Simon Mavin remembers how he felt when he heard Questlove had given his band a rhapsodic public seal of approval. "Once in a blue moon, something moves me so much I'm willing to alienate friends when an undeniable project comes along," the Roots drummer and music mogul enthused. "This is that project." It was the same feeling Mavin got when Prince tweeted a link to their song Nakamarra with the instruction "Don't worry . . . just listen" and when Erykah Badu declared, upon hearing their music, "Okay, I'm done. I'm in love."
“In the beginning, there was a lot of that stuff happening all the time,” the Hiatus Kaiyote keyboardist recalls, laughing. “The first one I remember was getting played on KCRW in LA. I remember streaming it from their website and saying, ‘Oh my God. KCRW is playing our music.’ Then it was like, ‘Yeah, Questlove has just tweeted about you’. It’s ridiculous that someone can put out a message and four million people will see it.”
Before they had the public approval of their peers, Hiatus Kaiyote were well on their way to success. The Australian quartet, formed five years ago in Melbourne, were brought together when bassist Paul Bender stumbled upon frontwoman Naomi "Nai Palm" Saalfield playing a solo gig and approached her about forming a band. Former jazz student Mavin – who had been playing with Bender on the thriving Melbourne music scene – enlisted his percussionist housemate Perrin Moss, and the band were quickly on their way to putting their stamp on the future-soul genre, a slinky concoction of styles that takes in jazz, r'n'b, hip-hop and soul and blends them all loosely together.
“Melbourne’s pretty incredible like that,” Mavin says. “We’ve got a lot of different types of music here from all over the world; it’s one of the healthiest scenes in the world and it’s really quite remarkable how much diversity there is in the music. So that’s kind of what Hiatus has stemmed from.”
Using a converted shop in the Melbourne suburb of Northcote as a rehearsal room, the band spent months fine-tuning their sound before releasing their debut album, Tawk Tomahawk, in 2012. Last year its follow-up, Choose Your Weapon, exhibited a longer, more ambitious continuation of the possibilities hinted at with their debut.
An important mentor
They initially released Tawk Tomahawk independently, but the music reached the ears of Salaam Remi, a name that will be familiar to those who saw the Amy Winehouse documentary Amy. Remi worked on Winehouse's first and second albums and was producing her third before she died; he has also worked with the likes of Nas, Miguel and Alicia Keys. In an A&R capacity, he made Hiatus Kaiyote the first signing to his new Sony Masterworks imprint, Flying Buddha, which reissued the album.
“It didn’t feel like a major label,” says Mavin. “Sony Masterworks is a label that puts out classical and jazz – they don’t really put out too much pop stuff – so it was a really good fit. We have the indie side of things in that we have 100 per cent creativity with our music and the financial support of a major label, so it was the best of both worlds. And Salaam’s also a really beautiful guy and he’s all about the music, so it was a really lucky connection that we made there.”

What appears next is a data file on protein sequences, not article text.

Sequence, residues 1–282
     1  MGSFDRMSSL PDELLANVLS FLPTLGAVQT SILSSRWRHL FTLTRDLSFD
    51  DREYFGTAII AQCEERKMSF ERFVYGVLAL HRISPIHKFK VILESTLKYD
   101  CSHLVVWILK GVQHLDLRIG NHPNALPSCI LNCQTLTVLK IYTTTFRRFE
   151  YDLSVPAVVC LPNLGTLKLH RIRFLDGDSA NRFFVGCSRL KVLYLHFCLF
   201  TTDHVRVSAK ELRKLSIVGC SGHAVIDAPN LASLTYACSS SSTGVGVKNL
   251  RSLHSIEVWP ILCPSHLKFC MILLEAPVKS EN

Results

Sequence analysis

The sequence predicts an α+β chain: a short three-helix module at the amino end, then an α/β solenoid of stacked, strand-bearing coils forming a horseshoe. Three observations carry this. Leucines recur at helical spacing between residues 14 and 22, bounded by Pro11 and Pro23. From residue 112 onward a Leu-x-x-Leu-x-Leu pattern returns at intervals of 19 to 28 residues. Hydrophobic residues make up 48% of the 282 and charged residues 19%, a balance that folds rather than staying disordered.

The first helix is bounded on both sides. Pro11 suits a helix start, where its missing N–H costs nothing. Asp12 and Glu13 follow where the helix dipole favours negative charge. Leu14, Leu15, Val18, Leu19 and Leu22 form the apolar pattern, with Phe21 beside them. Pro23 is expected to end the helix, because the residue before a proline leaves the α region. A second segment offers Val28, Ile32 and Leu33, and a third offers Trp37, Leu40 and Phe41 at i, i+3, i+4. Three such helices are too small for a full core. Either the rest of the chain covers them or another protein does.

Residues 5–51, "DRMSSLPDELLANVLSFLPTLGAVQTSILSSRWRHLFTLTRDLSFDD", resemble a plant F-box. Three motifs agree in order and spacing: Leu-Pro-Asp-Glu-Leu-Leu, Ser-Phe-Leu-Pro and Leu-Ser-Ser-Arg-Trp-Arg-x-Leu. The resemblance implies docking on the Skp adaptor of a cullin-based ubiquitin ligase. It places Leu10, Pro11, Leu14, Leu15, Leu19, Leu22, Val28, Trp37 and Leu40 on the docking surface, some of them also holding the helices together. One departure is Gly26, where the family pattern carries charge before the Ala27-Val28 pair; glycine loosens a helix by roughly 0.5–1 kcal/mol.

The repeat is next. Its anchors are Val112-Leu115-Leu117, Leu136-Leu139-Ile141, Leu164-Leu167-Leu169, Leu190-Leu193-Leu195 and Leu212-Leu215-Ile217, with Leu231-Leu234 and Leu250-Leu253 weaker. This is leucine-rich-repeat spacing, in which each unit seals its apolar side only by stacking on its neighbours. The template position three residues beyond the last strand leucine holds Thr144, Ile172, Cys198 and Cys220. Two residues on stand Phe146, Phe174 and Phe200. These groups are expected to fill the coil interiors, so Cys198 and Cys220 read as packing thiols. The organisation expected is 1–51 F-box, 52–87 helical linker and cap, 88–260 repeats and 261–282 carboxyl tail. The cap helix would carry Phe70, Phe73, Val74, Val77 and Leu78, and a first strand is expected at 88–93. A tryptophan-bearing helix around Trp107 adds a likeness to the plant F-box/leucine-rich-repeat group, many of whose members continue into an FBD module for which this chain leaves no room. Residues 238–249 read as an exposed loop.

Although they have yet to make a significant impact in Europe, Hiatus Kaiyote have already clocked up two Grammy nominations for best r'n'b performance – first, for Nakamarra in 2013; and earlier this year for Breathing Underwater, which lost out to The Weeknd's Earned It (50 Shades of Grey). The whole process, says Mavin, is not quite as glamorous as you might imagine.
“LA is crazy; it’s just like a different world,” he says. “And then you go to the Grammys and it’s, like, the epitome of that different world. It’s quite an experience. I don’t know if it’s for me. I hate talking about this, because I feel like I should be really appreciative of the Grammys – and I am, of course I am – but at the same time, I’m just a musician and I’ve always just been about the music. When you go to those things, it kind of pulls away from the music a little bit more than what I want it to. But at the same time, I really do understand and appreciate how incredible the whole thing is.”
The band are looking forward to playing the intimate Sugar Club in Dublin for the third time, despite their growing international reputation.
“The smaller the better, I think,” he says. “As soon as you end up playing bigger and bigger rooms, you become further and further away from the audience. I love being super-close to people and feeling the energy of an intimate gig, it’s awesome. There’s such a good vibe in Dublin; last time, we hung with people after the gig and sang songs out the back. It’s like Melbourne, in that respect. It’s always about the music.”
- Hiatus Kaiyote play the Sugar Club on May 4th and 5th. Remix EP Recalibrations Vol 1 is out now